• well, I do think it was a combo of pain and intensity (sorry), BUT so much of going through labor was not letting my brain get in the way of my body - just going along for the ride, and really relaxing through contractions.

    "Birthing From Within" has a lot of good info about coping with labor, but I think she does talk about how she thinks it hurts. hth

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  • imageGideonsMom:
    In Hypnobabies they use the word Pressure and discomfort instead of pain. They also do not call it labor, but birthing time.  They also suggest that you stay far away from any birth stories or advice on birthing outside of the class material or Ida Mays book. Everyone will want to shove their birthing story at you. You should tell them "we can share stories after I have my birthing experience"

    This, at first I thought it was cheesy, but now that I have had a couple of uncomfortable contractions/pressure waves....I would probably punch DH in the face if he looked at me and said ohh does that hurt? or are you in pain? because that just makes it worse.  I know it sounds weird but those words just make me tense up and then it is more uncomfortable. So we will be doing our best to only use positive words.

  • imageTiaTia:

    I have 2 mantras that I use for running...and I think they would work well for labour too:

    1. Pain is inevitable....suffering is not.

    2. You can do anything for a minute.

    I like this!  I truly went into labor thinking that it is a temporary thing and I can do ANYTHING temporarily!!  I can't be in labor forever type of thing.  That being said, I also went into labor thinking exactly like you...that there was not going to be pain, but just "surges" "intensities" "pressure" etc.  I was a little surprised to find that it actually did hurt- a whole lot more than I anticipated it to.  Did I still go med-free...yup!  Am I happy I did...yup!!  But in retrospect, it really wasn't the pain that made labor such hard work, but rather the continuous contractions with little to no break.  It was like swimming in an ocean with lots of waves.  You can swim and swim but man, those waves just keep hitting you and hitting you and you just want a break.  But then you remember that the swimming is for a purpose (to get to your baby) and that you will be out of the ocean before you know it!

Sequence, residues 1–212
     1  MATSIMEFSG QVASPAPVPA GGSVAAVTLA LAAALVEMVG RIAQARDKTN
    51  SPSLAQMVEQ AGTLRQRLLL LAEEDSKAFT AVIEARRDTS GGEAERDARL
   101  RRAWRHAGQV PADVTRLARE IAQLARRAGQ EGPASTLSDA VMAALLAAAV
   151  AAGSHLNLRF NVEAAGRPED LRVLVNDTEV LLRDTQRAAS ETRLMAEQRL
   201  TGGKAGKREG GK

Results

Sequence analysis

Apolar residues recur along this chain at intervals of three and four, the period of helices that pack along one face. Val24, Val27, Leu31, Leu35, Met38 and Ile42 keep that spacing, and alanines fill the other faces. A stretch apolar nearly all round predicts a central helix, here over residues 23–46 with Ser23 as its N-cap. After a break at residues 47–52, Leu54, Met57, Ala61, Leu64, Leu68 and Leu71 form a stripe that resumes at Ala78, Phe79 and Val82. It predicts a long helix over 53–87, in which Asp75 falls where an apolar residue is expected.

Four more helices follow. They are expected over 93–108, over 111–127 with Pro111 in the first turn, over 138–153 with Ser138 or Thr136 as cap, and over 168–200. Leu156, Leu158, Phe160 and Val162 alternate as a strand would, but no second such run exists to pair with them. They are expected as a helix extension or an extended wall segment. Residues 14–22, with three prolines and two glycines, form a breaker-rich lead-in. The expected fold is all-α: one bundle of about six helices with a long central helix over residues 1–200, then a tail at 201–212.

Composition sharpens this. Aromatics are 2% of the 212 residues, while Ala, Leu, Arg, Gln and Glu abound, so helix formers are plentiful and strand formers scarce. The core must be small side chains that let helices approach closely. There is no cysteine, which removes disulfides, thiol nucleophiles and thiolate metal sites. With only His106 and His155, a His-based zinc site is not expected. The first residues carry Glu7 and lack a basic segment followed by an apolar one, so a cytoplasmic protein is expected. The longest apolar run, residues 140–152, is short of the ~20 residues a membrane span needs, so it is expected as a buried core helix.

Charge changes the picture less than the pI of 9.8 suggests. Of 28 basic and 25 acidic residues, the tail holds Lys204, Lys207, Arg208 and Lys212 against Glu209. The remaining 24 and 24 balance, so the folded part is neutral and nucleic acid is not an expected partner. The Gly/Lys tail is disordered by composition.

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  • imageTiaTia:

    I have 2 mantras that I use for running...and I think they would work well for labour too:

    1. Pain is inevitable....suffering is not.

    2. You can do anything for a minute.

    I LOVE this! Yes

    ETA: These are mine:

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  • In all honesty, it was painful and it was intense and it didn't feel good - no orgasmic birth for me!!  But it was pain with a purpose.  It wasn't like I stubbed my toe or broke a bone or cut my hand while slicing veggies or something like that.  It wasn't that kind of pain.  Does that make sense?  I didn't feel the need to use a euphemism for the pain because, well, it was painful!  It hurt.  The ring of fire is called that for a reason - it burned.  And I had a 3rd degree tear.  I don't know that there is a better way to describe it.  It didn't feel good.  But it felt AWESOME afterwards and the pain was gone immediately when DS was born and I cannot describe the emotional and mental high I was on when it was over - I felt like I could have climbed Mt. Everest; I was superwoman!  

    From my Bradley classes, I knew that I could handle it, and I think that was what mattered more than the term I used to describe the sensations of childbirth.  Knowing I was capable of handling the pain was more important than re-labeling the pain.  The latter was just a euphemism - it didn't change the circumstance.  The former was much more empowering.

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  • Energy, rush, charge, surge, wave

    But I thought of them simply as contractions and as pain with a purpose, that I wanted to build to a crescendo b/c that meant I was at the finish line and getting the ultimate prize of my baby in my arms.

    I totally agree with PP that said you can do anything for a minute.  And I think the key is to take each minute as it comes and not anticipate the next.  My doula had a great cue that she said at the end of each contraction:  "That contraction is over and you'll never have to feel it again."  Helped prompt me to focus on the fact that the contraction was over and I had a respite to enjoy, rather than wallow in the contraction that was and stress about the next to come.  That was key to me actually resting b/w contrax.